Seventh Art Blog


by: Phil Grabsky

August 2, 2019

Saint Michael Triumphs over the Devil, Bartolomé Bermejo, 1468, The National Gallery, London



Last week I snuck out of my London office to see Francesco Melzi’s painting of Flora on loan to the National Gallery from the Hermitage. En route through the rooms of 16th-century Italian Renaissance art, trying hard to stay focused on my mission, I was waylaid by a knight in shining armour. This was the moment I first saw the arresting image of Bartolome Bermejo’s Saint Michael Triumphs Over the Devil.

The goddess of Springtime would have to wait …….

Dressed in golden armour richly adorned with jewels, the archangel descends from the heavens like a medieval superman with his voluminous red-lined cape floating down behind him. Having cast the angel Lucifer out of heaven, he pins him to the earth with his sword raised menacingly overhead. It is a powerful image.

As I looked more closely, the truly surreal nature of Lucifer’s portrayal became apparent reminding me of the grotesques in the works of Bermejo’s Flemish contemporaries Bosch and Bruegel. Shown as a monster, his limbs are a strange combination of fantastical creatures. His dragon wings crushed beneath the bejewelled feet of St. Michael carry the menacing eye spots of a butterfly’s underwing. His head, a gurning Cheshire cat with ferocious teeth and luminous red eyes, is almost comic. His eyes are reproduced in his golden breast plate, the only part of this creature which bears any resemblance to his once fellow angel.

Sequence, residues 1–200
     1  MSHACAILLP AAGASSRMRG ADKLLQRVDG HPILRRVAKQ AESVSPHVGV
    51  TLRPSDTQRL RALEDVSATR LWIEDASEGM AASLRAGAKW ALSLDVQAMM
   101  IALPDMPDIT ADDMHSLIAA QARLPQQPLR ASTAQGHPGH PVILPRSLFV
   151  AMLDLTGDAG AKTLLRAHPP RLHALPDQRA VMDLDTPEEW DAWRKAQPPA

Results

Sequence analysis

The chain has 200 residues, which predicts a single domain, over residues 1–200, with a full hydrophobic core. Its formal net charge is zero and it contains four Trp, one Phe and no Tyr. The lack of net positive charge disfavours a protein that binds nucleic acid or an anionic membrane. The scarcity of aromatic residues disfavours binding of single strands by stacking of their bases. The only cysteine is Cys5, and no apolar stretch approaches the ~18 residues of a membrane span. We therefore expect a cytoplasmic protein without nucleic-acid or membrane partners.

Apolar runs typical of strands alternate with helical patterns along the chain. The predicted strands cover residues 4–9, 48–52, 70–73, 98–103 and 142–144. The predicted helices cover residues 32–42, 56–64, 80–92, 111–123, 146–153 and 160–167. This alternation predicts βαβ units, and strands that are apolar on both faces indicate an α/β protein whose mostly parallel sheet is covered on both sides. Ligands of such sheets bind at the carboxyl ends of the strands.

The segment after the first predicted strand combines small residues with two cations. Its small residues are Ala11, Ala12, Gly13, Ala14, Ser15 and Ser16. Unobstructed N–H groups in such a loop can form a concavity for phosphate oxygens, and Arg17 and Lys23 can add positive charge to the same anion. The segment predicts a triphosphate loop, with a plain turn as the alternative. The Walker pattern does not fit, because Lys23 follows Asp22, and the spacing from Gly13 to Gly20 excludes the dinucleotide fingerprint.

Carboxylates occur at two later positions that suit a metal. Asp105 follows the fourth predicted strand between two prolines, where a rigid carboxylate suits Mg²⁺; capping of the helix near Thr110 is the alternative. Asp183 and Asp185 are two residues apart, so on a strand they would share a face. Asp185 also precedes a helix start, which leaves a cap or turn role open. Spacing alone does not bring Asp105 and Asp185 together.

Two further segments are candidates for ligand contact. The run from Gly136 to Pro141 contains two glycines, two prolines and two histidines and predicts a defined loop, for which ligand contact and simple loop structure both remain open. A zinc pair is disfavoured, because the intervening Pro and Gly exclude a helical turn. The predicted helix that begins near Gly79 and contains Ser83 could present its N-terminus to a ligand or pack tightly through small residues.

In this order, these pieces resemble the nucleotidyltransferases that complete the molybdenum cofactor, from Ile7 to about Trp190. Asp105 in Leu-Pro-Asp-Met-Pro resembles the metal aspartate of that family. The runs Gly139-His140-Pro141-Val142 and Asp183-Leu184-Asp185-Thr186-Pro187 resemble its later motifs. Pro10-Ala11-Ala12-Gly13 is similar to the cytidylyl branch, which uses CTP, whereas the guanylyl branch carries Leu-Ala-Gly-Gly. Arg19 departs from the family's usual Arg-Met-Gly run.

Kneeling benignly to the left of the image is the painting’s patron, Antonio Juan. His face strangely unmoved by the presence of the divine and demonic.

But it is the face of Saint Michael, framed by his folding wings and the silver sword wielded overhead, that most disturbs. The pearl encrusted cross on top of his head shouts his heavenly status. His long, pale face with eyes lowered is devoid of emotion, detached and disdainful. There is no pity or compassion in this face: the once beautiful Lucifer, now portrayed as a grotesque beast, is sub-human and utterly unworthy of his sympathy.

This complex and alluring image is exquisitely painted – a celebration of man’s artistic genius but at the same time deeply unsettling. Typical of its time, the painting is a starkly two-dimensional understanding of humanity seen through the warped lens of religion – black and white, saint or sinner. Sadly, it is this same religious dogmatism that 21th-century man is often still plagued by.

Born Bartolome de Cardenas in Cordoba, Spain in 1440, there are only about twenty known works by him and this, dated 1468, is the first documented commission. Considered one of Spain’s greatest Renaissance artists, he seems largely un-acknowledged by academia. The National Gallery in London, like all major galleries, contains so many treasures and sometimes it is stumbling across a painting that was previously unknown to you that is the most rewarding.

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